Caterina BraceletBy Buccellati
When the young and brilliant Caterina de’ Medici married King Henry II, she brought with her to the kingdom of France the culture of the Italian Renaissance through dance and art. Designed in the late 1960s, the Caterina bracelet — an allusion to the future queen consort’s gown in the painting The Wedding of Catherine de’ Medici, 1600, by Jacopo da Empoli — is a testament to the immaculate craftsmanship and style of the Italian Renaissance. In the painting, 14-year-old Caterina is outfitted in a glowing silk wedding gown of white and yellow, which is mimicked in the regal bracelet named for her.
The fine jewelry house Buccellati was founded by goldsmith Mario Buccellati, who opened a boutique near an opera theater in Milan in 1919. The house has become known for specializing in a variety of texture-engraving techniques — which require apprenticeships and years of training in Buccellati workshops — as well as work that draws on the craft traditions of the Renaissance. As part of its Unica collection, which features highly sought-after, one-off designs that are often based around stones and uncompromising in their character, the Caterina bracelet typifies the Buccellati style.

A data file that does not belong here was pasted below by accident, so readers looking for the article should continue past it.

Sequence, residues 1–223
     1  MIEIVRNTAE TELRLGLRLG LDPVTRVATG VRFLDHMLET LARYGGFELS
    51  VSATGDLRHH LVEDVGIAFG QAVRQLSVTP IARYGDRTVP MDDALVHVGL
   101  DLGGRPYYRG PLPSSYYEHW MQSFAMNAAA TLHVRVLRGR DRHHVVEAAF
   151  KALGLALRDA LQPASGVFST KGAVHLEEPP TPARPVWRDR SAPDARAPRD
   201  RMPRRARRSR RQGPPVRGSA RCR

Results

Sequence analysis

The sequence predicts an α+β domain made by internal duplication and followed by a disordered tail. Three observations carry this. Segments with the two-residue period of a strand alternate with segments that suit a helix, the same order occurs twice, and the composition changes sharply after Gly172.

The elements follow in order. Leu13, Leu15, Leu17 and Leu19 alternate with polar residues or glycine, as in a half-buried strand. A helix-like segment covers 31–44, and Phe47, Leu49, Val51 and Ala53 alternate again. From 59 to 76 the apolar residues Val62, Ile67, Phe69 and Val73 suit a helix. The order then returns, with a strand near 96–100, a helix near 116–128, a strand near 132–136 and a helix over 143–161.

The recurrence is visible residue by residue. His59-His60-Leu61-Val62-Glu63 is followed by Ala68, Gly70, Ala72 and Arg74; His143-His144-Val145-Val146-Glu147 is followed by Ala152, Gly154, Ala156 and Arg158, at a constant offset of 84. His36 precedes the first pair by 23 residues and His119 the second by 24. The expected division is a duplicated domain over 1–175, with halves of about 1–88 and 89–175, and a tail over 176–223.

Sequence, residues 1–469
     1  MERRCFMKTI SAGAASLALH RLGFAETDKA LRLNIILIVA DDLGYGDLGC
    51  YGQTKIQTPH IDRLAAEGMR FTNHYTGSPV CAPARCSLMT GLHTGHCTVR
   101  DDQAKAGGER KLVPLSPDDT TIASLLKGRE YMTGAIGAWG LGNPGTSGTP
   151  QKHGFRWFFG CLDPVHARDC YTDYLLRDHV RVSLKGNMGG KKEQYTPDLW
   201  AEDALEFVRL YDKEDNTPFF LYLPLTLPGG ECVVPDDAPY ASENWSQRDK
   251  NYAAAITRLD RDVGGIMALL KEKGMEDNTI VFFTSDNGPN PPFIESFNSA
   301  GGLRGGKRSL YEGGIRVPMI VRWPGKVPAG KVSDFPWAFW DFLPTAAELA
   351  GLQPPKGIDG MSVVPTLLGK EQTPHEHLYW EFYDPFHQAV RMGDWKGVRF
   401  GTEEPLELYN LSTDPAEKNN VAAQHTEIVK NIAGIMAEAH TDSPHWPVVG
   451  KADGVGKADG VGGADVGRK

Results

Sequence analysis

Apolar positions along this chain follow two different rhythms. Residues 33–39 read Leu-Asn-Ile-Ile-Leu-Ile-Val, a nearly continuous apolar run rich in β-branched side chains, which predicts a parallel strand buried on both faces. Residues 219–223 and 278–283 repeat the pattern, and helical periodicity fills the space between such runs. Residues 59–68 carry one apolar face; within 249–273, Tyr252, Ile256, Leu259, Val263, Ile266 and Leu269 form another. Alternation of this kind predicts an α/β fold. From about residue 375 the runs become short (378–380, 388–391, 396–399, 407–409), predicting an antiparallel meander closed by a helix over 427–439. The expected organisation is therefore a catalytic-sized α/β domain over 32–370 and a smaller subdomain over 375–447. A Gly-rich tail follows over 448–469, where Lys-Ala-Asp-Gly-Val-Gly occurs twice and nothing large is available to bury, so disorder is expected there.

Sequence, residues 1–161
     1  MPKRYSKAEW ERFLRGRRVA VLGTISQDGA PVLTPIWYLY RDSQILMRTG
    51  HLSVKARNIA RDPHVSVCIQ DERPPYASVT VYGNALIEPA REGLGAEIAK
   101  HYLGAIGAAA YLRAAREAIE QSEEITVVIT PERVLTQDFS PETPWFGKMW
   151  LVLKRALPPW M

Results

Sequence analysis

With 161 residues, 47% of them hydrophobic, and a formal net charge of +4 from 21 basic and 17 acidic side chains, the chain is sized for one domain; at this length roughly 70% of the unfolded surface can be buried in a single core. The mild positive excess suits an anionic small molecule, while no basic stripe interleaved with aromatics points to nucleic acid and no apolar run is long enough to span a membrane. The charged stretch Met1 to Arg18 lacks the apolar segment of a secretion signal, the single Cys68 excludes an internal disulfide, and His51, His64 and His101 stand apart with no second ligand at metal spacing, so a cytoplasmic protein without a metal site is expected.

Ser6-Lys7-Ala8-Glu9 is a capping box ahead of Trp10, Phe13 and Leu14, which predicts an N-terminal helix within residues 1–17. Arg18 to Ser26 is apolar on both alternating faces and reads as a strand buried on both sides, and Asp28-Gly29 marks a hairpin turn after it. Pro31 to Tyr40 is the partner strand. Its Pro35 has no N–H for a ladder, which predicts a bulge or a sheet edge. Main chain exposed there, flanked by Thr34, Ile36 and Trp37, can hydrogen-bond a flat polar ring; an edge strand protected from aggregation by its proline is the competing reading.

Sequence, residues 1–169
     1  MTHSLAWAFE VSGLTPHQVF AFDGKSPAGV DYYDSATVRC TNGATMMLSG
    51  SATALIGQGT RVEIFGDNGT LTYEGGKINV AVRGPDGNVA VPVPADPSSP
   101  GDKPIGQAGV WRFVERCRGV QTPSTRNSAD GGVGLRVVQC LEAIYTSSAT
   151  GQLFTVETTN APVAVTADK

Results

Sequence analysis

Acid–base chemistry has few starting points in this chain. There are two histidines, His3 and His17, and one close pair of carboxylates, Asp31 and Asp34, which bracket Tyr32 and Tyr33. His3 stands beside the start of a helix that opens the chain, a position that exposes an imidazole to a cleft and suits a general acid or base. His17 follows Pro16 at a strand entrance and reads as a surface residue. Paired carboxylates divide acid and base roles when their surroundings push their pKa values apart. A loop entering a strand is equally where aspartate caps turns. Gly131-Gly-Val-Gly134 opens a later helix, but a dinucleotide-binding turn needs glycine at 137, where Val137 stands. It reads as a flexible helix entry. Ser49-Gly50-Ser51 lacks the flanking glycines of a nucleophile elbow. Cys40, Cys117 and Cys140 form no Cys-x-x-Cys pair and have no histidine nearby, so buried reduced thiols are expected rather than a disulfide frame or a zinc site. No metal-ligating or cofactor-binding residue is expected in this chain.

Elsewhere in the Unica series, Gianmaria Buccellati designed an exquisite pairing of a necklace and earrings for the Bartolomeo Set, which pays homage to a 1620-era portrait of Italian poet Bartolomeo Corsini. Similarly, the Caterina bracelet is a direct visual reference to Jacopo da Empoli’s depiction of Caterina de’ Medici’s wedding gown. Its ornate array of white diamonds and fabric-like gold honeycomb motif, a signature theme that’s integral to many of the house’s designs featuring natural patterns, are complemented by an arrangement of hawthorn flower petals that lends contemporary nuance to this artful piece. With its mingling of modern and traditional influences, the Caterina bracelet exemplifies why the Buccellati brand has become so highly regarded among the very competitive Italian jewelry market.